#1 ‘Aversive disablism: subtle prejudice toward disabled people’ by Mark Deal


To take advantage of Routledge’s free Education journal access over the course of April 2011, I’m presenting papers to highlight research with powerful applications in the fields of technology, disability and education. Comments and suggestions are, as always, welcome.

DEAL, M. (2007) Aversive disablism: subtle prejudice toward disabled people. Disability & Society, 22, 1, 14.

Disability and Society
Disability and Society

Aversive Disablism is a little-known social phenomenon that exerts huge influence in the lives of people with disability. Deal’s paper highlights the importance of understanding and challenging this form of subtle disablism to ensure (amongst other aims) that design communities responsible for our built (or digital) environment do not perpetuate a society that actively disables people with impairments. In this sense, aversive disablism represents an important concept, without which any vocabulary of disability or design is incomplete. I drew on this paper for my 2010 Blogging Against Disablism post and Web4All joint paper with Brian Kelly and David Sloan last year, applying Deal’s arguments to incorporate online environments. Deal writes lucidly for a broad audience, as such this paper represents essential reading for all.

Further reading:

  • Consider Goggin and Newell’s groundbreaking 2003 book Digital Disability. This identifies the outcomes of web developer’s disregard for disabled users requirements  as “doing production”, resulting in a disabling web that enacts disability. The authors arguments are developed for contemporary Web 2.0 discourse by Ellis and Kent (2010) in their book Disability and New Media. Ellis and Kent develop this notion of “doing production” with regard to Social Networking Sites – their insights into the structural production of disability in social networks, I feel, resonates strongly with Deal’s notion of aversive disablism.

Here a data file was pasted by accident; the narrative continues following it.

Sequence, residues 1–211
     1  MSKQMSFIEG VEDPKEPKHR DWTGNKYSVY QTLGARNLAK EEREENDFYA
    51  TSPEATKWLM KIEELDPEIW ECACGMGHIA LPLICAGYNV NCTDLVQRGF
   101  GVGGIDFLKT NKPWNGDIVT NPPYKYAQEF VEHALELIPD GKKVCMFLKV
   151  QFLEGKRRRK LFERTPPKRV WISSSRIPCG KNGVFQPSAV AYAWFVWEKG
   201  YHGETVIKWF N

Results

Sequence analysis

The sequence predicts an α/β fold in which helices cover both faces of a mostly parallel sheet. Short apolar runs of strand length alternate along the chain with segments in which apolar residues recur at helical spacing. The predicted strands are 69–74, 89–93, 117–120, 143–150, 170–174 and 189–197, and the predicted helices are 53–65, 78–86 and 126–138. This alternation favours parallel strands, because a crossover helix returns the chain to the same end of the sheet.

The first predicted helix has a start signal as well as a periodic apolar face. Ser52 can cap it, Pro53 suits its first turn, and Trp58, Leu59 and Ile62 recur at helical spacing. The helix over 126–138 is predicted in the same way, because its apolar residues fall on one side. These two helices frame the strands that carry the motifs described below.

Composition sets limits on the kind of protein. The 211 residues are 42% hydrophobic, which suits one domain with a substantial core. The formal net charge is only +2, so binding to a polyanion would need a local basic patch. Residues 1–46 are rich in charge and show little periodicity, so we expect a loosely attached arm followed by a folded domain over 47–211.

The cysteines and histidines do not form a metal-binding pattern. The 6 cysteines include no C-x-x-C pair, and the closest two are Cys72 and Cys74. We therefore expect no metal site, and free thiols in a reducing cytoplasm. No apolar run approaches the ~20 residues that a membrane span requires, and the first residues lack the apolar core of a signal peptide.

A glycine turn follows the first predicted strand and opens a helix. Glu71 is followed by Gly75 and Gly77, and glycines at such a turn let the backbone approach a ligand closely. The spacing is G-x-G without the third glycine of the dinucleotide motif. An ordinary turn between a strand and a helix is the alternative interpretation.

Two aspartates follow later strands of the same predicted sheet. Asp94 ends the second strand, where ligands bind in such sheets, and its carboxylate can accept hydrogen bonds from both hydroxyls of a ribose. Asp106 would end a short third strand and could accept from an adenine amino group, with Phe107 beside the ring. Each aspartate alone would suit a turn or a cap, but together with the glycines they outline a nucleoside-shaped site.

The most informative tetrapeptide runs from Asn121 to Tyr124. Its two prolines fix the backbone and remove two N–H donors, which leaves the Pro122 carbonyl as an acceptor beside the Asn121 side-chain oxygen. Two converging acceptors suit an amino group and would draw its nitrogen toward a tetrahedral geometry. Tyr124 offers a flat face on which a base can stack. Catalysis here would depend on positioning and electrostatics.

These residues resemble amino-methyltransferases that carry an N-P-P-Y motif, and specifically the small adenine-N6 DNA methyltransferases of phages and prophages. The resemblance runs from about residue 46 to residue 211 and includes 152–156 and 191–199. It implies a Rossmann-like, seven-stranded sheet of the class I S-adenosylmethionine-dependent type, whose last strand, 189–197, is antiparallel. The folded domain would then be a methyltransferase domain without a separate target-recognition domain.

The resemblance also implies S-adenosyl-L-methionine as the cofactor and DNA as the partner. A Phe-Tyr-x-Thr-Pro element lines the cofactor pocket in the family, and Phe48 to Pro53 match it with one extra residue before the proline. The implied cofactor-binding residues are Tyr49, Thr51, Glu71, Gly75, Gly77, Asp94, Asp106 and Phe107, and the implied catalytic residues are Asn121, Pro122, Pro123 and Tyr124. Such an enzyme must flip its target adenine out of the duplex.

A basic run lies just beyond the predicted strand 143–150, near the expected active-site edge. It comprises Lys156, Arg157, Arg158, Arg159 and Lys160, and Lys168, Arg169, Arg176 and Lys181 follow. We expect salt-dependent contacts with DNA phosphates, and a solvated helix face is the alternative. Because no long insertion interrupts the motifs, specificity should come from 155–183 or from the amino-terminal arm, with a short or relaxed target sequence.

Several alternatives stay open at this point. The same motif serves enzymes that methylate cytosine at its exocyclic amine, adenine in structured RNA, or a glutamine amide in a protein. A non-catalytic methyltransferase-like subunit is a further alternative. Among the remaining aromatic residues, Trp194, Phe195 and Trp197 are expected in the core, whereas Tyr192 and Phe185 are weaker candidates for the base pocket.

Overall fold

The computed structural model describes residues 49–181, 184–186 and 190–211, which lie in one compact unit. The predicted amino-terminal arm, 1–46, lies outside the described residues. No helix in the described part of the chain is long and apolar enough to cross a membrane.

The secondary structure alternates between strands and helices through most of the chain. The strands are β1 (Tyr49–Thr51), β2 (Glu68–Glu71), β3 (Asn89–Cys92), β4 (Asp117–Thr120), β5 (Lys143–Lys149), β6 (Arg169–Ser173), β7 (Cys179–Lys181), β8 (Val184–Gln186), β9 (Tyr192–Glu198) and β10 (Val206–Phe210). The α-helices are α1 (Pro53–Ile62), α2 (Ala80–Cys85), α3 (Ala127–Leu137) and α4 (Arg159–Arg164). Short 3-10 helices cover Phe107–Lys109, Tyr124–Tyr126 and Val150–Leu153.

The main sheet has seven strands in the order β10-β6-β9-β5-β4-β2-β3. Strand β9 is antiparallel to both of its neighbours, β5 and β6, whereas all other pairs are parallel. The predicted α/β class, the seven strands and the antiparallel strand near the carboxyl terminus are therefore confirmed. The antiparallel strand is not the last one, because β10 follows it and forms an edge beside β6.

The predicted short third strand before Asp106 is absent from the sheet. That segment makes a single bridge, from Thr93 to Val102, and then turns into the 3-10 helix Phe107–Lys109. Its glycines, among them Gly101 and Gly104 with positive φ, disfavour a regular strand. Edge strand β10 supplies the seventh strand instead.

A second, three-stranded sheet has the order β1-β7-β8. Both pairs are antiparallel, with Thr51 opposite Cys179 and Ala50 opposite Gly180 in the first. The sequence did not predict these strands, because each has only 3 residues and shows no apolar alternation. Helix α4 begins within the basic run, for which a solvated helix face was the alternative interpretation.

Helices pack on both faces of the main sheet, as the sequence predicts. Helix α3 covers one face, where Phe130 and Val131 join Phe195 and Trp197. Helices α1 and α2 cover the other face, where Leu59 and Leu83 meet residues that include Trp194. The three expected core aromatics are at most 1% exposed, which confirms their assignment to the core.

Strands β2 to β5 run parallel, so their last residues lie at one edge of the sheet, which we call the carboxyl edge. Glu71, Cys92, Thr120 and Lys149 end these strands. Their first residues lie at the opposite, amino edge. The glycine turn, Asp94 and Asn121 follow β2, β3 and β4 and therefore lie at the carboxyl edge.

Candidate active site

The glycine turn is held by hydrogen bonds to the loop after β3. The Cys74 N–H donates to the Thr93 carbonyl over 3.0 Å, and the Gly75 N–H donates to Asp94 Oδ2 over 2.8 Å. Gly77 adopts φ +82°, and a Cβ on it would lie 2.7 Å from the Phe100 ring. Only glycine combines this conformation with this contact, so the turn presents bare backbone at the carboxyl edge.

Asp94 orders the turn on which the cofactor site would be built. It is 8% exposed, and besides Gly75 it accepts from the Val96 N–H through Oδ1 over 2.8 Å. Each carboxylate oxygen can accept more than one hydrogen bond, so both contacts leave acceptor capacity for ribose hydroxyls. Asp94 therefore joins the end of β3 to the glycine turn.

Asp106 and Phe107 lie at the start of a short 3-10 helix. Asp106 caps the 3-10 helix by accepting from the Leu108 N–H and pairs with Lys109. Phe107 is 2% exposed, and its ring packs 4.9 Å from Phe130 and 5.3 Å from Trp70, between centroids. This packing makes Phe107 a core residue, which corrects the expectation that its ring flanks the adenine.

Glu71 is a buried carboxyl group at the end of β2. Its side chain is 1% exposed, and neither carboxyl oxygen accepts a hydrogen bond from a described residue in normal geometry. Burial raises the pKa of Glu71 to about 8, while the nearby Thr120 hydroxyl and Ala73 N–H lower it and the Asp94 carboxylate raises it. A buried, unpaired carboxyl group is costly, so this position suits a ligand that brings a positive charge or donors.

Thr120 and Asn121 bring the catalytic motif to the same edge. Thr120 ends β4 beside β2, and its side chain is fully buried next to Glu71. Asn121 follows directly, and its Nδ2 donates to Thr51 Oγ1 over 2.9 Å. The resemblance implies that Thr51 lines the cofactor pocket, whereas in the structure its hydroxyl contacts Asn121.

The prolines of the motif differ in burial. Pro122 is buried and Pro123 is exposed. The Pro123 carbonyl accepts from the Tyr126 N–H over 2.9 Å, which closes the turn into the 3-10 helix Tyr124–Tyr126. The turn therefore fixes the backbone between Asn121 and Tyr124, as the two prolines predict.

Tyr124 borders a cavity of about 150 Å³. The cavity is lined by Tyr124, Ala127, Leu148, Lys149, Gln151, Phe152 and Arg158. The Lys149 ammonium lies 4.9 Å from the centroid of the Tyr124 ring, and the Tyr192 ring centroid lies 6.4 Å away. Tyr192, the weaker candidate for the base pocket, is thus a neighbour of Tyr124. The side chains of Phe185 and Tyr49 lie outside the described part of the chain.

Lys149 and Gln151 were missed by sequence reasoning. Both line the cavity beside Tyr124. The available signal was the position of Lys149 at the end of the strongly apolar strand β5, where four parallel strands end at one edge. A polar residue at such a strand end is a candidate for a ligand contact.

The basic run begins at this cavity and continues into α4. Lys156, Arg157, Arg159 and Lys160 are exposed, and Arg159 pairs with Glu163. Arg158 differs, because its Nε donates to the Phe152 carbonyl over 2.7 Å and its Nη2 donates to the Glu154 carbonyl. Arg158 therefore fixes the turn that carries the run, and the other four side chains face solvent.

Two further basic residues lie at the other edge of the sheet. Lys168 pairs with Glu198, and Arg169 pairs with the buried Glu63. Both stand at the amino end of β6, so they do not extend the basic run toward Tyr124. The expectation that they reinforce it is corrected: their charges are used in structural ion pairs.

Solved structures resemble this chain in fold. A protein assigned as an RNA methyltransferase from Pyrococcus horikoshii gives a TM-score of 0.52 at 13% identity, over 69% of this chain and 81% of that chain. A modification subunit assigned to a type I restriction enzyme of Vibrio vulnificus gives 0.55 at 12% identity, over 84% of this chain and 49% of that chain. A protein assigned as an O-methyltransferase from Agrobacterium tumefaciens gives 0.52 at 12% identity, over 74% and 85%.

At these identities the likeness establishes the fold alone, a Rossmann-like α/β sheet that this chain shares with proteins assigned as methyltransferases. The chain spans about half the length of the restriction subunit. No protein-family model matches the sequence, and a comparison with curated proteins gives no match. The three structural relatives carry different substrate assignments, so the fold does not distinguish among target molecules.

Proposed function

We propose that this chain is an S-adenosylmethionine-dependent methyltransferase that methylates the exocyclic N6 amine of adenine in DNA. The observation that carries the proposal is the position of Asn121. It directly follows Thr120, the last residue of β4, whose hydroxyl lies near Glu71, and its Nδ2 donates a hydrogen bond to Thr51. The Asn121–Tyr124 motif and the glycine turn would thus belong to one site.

Next post out on Monday 4th.

Investigating Socio-Technical Experiences of Disability: Slides


Following on from my guest lecture at the Centre for Culture and Disability Studies (click for abstract) at Liverpool Hope University earlier this month, I’ve received a number of requests for my presentation slides. As a result, I’ve added them to SlideShare and made them more widely available below.  These slides are supplied with an important caveat, however. I designed the talk to balance descriptions of what worked and what didn’t work over the course of my PhD research; I also talked a great deal around the slides – that means that important content and context is missing in several areas. Nonetheless, I think the literature cited, methods overview and some of the results reported will be of interest to researchers and others in the field. If you require an alternative format, please don’t hesitate to get in touch.


30 Days of Academia: Your Guide to Routledge in April 2011


Over the course of April, Routledge are giving free open access to all Education journals, with no academic subscription or institutional affiliation necessary and no strings attached.  The Routledge stable includes some mighty journals for those involved in Technology, Disability and Education, including Disability and Society, the Scandinavian Journal of Disability Research and Studies in Higher Education. Together, these journals and their peers offer access to hundreds of pieces of groundbreaking research.